The lawsuits filed yesterday in Suffolk Superior Court bring the number of those who say they were sexually molested by Geoghan to about 150. They also bring the number of active civil lawsuits against Geoghan and his supervisors in the Boston Archdiocese to 19 - and Garabedian said he is assessing three additional claims for possible civil litigation. Law is named as a defendant in two of the lawsuits filed yesterday. Bishop Thomas V. Daily, a top deputy under Law and the late Cardinal Humberto S. Medeiros and now the head of the Brooklyn diocese, is a defendant in six of the complaints.

Geoghan, who was defrocked in 1998, is serving six years of a nine-to-10-year prison sentence for groping a boy in a Waltham swimming pool, and is facing rape and indecent assault and battery charges involving two additional boys in Suffolk County. The vast majority of accusations against Geoghan have not been criminally prosecuted because they fall outside the statute of limitations.

Yesterday, David Procopio, spokesman for Suffolk District Attorney Daniel F. Conley, said he could neither confirm nor deny that criminal investigations are underway in any of the new cases.

With yesterday's civil filings, the 67-year-old Geoghan has been accused of sexually molesting children, mostly boys, at each of the six parishes where he was formally assigned during his 36 years as an active priest. Those parishes are located in Saugus, Concord, Hingham, and Weston, and in the Boston neighborhoods of Forest Hills and Dorchester.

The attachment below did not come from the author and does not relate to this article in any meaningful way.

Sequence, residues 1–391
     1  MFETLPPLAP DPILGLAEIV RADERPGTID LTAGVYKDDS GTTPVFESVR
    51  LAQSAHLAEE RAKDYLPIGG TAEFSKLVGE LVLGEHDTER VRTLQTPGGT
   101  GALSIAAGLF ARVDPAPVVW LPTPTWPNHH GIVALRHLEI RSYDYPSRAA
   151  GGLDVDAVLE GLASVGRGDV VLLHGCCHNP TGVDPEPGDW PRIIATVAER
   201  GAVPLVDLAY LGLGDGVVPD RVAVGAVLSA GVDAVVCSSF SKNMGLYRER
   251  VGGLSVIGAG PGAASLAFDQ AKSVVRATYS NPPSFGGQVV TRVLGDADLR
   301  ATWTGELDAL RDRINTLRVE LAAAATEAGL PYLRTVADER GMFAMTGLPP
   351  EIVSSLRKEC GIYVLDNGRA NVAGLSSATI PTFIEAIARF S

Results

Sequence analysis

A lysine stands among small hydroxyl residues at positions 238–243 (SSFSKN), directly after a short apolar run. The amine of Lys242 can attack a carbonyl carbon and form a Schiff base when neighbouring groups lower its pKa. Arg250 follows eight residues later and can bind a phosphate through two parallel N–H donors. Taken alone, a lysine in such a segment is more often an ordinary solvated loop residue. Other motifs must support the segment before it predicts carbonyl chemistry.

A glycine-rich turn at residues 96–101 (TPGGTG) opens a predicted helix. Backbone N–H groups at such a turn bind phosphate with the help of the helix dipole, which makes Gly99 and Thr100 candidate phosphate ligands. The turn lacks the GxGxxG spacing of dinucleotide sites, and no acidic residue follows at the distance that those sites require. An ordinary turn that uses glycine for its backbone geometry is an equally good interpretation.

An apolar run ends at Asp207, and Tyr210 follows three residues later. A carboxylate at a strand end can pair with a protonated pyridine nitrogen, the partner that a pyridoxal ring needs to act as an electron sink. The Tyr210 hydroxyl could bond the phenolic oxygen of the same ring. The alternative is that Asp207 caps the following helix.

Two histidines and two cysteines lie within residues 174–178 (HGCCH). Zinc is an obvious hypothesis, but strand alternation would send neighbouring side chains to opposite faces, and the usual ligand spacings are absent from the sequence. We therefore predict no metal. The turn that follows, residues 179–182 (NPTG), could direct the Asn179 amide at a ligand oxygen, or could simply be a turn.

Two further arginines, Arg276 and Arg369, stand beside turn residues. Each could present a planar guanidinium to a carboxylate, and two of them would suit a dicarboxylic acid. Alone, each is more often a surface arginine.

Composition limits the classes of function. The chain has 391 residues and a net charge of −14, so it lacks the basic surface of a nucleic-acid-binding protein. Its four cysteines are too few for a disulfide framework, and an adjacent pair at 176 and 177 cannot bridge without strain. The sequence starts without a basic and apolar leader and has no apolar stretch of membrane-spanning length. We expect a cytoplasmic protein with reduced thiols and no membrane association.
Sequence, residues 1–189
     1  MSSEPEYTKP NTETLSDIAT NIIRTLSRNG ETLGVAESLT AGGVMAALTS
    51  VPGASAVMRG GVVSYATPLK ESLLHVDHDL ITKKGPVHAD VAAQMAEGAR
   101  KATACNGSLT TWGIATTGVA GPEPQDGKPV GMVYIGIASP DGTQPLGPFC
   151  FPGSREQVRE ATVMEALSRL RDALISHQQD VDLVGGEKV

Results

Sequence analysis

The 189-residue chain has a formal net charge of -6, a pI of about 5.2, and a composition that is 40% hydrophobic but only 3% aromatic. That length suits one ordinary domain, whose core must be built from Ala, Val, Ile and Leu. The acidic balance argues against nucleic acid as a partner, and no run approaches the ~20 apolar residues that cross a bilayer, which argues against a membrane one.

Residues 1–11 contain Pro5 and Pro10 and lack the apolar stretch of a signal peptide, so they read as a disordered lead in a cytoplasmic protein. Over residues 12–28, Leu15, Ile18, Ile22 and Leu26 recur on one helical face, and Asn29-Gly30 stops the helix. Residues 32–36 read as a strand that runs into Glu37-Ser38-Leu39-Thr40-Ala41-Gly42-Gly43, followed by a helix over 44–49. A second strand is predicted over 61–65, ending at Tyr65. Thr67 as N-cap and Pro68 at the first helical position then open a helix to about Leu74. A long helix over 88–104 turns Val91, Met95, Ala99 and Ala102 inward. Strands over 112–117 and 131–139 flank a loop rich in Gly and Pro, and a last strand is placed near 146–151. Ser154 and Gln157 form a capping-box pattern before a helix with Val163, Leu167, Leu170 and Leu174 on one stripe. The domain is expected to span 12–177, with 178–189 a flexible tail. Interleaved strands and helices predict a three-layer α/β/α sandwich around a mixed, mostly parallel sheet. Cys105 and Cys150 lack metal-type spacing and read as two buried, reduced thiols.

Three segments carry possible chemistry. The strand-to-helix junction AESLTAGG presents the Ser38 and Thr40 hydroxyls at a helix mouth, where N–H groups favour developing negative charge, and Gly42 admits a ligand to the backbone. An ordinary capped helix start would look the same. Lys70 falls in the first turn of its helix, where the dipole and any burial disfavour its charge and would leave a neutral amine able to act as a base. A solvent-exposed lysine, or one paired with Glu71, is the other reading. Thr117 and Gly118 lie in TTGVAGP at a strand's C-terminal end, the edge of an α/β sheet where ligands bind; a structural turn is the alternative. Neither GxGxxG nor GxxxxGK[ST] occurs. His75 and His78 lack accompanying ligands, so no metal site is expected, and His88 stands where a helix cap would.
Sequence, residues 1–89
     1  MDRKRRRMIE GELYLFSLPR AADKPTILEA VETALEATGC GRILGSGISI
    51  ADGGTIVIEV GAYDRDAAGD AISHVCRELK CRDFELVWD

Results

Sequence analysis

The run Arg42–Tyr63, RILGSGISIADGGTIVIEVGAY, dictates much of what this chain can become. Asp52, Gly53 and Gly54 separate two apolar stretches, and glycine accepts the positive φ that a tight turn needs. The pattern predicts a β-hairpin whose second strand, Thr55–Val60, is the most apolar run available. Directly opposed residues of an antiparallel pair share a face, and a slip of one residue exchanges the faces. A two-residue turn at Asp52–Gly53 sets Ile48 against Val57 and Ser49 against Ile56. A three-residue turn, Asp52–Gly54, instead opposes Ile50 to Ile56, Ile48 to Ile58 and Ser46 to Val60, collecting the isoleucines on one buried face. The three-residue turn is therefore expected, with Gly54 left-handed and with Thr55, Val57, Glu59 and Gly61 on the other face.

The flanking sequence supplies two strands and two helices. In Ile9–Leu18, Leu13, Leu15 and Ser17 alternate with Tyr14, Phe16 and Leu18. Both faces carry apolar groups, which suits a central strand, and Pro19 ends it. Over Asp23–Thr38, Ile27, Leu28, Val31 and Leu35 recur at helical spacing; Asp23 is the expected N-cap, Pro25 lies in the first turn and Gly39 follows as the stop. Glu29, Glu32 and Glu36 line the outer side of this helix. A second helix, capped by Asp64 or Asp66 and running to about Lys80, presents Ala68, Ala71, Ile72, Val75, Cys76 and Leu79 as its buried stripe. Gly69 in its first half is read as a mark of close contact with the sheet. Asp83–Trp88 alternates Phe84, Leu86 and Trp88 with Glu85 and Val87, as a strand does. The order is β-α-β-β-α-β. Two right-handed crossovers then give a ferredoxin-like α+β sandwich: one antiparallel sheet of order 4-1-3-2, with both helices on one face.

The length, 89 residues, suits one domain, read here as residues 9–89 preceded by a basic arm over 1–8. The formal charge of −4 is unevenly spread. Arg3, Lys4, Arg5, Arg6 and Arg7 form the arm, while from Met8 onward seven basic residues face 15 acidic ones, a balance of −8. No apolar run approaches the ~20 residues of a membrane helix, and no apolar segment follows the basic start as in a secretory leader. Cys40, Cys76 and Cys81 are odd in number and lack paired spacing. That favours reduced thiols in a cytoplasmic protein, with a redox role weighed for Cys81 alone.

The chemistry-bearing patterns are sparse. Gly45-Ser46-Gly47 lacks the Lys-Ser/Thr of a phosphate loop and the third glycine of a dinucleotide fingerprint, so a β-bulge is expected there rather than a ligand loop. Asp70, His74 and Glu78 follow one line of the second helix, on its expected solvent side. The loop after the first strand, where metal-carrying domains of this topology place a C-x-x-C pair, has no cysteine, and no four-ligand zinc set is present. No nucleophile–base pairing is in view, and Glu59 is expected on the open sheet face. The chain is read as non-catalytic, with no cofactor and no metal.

Geoghan also has been accused of molesting children while officiating at St. Anne Church in Boston's Readville section, and at St. Joseph Church in Hyde Park.

Yesterday, Douglas Fage, a 45-year-old Maine resident who filed one of the 17 new lawsuits, said he contacted Garabedian after seeing televised news accounts of the Geoghan case earlier this year that featured interviews with former boyhood friends from St. Paul Church in Hingham. ''I'm very mad,'' Fage said. ''I think someone should be held accountable.''

Michael Rezendes can be reached at rezendes@globe.com.

This story ran on page A1 of the Boston Globe on 10/4/2002.